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LM3914, LM3915, LM3916 Differences

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I have read through the data sheets for the series of VU meters and from what I can tell, they are all basically the same except that the LM3914 displays based on a negative input voltage, and the other 2 display based on positive input voltages. Based on that, what is the main difference between the LM3915 and the LM3916, and which one should I buy?
 

chemelec

Well-Known Member
All 3 Are Basically the Same and ALL are Positive Voltage Inputs.
The DIFFERENCES are:

The LM3914 is LINEAR Display
The LM3915 is 3db increments, Log Display
And the LM3916 is a VU Meter Display. (-20 to +3db)
 

audioguru

Well-Known Member
Most Helpful Member
They all use the same 10 LEDs for their display.
The difference is the amounts of input voltage between steps.
 

chemelec

Well-Known Member
So the only difference is the type of display that they use?
The LM3914 is Typically used to create a Voltage display using 10 LED's

The LM3915 and LM3916 are Typically used to Display Audio Signal Strengths using 10 Leds.

The Real Question is: WHAT do You want to Create?
 
An audio power meter, although I ran into a problem with part of the design. The circuit has 4 display modes; Dot, Bar, Dot with delay, and Bar with delay (delay meaning that there is a second VU meter connected to the LEDs in the same way as the first, but it's peak detector has a higher capacitor). The problem is when I switch to the 2 delay modes, the 3915 working the "delay" LED is not bright enough to see at a respectable distance, and if it's left alone long enough it begins to mess with the regular VU meter. The regular VU is connected as the "Low cost 60dB display" shown in the data sheet. I'm thinking that connecting R-Lo of the higher meter to R-Hi of the lower meter then I might be able to simplify the design a little bit.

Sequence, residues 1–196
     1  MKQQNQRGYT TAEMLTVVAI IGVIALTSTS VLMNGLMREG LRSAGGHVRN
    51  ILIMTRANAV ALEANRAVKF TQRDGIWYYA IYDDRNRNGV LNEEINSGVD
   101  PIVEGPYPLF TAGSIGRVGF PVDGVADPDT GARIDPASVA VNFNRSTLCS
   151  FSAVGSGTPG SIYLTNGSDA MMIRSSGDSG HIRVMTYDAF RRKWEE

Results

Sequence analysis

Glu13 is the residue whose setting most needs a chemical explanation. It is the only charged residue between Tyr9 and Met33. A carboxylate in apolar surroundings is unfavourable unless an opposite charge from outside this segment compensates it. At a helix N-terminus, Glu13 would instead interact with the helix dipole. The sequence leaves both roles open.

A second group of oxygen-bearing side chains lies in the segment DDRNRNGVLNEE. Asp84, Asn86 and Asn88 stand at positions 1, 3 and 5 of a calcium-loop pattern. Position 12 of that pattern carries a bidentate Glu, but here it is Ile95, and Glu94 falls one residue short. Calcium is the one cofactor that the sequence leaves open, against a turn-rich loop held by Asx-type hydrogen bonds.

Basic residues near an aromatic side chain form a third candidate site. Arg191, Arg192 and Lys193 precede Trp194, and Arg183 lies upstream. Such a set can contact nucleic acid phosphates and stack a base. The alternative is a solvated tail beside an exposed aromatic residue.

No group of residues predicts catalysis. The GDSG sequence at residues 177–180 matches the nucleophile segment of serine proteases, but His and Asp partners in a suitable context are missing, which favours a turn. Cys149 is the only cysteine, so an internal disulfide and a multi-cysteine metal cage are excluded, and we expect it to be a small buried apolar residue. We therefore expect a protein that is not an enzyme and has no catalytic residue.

audioguru

Well-Known Member
Most Helpful Member
The brightness of the LEDs is determined by the current from pin 7 to ground.

About 45 years ago I made a 60dB audio level meter with two LM3915 "modules" that were made by National Semiconductor.
Each module has a small pcb with the IC covered in a black blob of epoxy and has an LED strip already connected.
 

Dean Huster

Well-Known Member
I think that for 1965, that would be the razor's edge of the cutting edge for both IC and LED technology. In 1965, LEDs weren't even as reliable as incandescent lamps and ICs weren't sophisticated beyond second-generation digital logic and simple linear op amps. 7400-series TTL wasn't really prevalent until the early 1970s.
 

chinmoy1955

New Member
I think that for 1965, that would be the razor's edge of the cutting edge for both IC and LED technology. In 1965, LEDs weren't even as reliable as incandescent lamps and ICs weren't sophisticated beyond second-generation digital logic and simple linear op amps. 7400-series TTL wasn't really prevalent until the early 1970s.
I doubt that LM3915 was even born in 1965!
 

audioguru

Well-Known Member
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Here are the NSM3900 modules made by National Semiconductor that I bought in the 60ies. They had an LM3915 surface-mounted and a surface-mounted strip of 10 red LEDs.
Today, the LM3915 and LM3916 are not made anymore and the LM3914 is available only in a tiny surface-mount package.
 

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